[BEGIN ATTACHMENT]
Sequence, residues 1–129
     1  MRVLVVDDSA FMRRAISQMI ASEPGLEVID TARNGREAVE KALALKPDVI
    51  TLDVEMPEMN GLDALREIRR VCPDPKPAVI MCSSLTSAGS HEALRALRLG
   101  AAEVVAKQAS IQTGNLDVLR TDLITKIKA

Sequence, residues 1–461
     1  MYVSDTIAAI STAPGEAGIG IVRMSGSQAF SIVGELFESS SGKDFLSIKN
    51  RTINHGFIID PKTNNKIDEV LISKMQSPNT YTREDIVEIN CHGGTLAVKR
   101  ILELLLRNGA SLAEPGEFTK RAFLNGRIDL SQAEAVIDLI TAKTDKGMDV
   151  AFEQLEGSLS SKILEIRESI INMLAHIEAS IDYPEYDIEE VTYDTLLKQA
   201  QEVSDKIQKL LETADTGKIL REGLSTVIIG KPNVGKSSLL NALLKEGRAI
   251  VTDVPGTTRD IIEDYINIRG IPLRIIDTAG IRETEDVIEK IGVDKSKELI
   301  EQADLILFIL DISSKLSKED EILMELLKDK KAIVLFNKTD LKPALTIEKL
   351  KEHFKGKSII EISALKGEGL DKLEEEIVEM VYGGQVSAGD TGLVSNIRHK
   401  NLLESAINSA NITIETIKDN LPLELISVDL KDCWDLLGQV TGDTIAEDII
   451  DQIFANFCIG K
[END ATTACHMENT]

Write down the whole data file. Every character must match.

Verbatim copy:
Sequence, residues 1–129
     1  MRVLVVDDSA FMRRAISQMI ASEPGLEVID TARNGREAVE KALALKPDVI
    51  TLDVEMPEMN GLDALREIRR VCPDPKPAVI MCSSLTSAGS HEALRALRLG
   101  AAEVVAKQAS IQTGNLDVLR TDLITKIKA

Sequence, residues 1–461
     1  MYVSDTIAAI STAPGEAGIG IVRMSGSQAF SIVGELFESS SGKDFLSIKN
    51  RTINHGFIID PKTNNKIDEV LISKMQSPNT YTREDIVEIN CHGGTLAVKR
   101  ILELLLRNGA SLAEPGEFTK RAFLNGRIDL SQAEAVIDLI TAKTDKGMDV
   151  AFEQLEGSLS SKILEIRESI INMLAHIEAS IDYPEYDIEE VTYDTLLKQA
   201  QEVSDKIQKL LETADTGKIL REGLSTVIIG KPNVGKSSLL NALLKEGRAI
   251  VTDVPGTTRD IIEDYINIRG IPLRIIDTAG IRETEDVIEK IGVDKSKELI
   301  EQADLILFIL DISSKLSKED EILMELLKDK KAIVLFNKTD LKPALTIEKL
   351  KEHFKGKSII EISALKGEGL DKLEEEIVEM VYGGQVSAGD TGLVSNIRHK
   401  NLLESAINSA NITIETIKDN LPLELISVDL KDCWDLLGQV TGDTIAEDII
   451  DQIFANFCIG K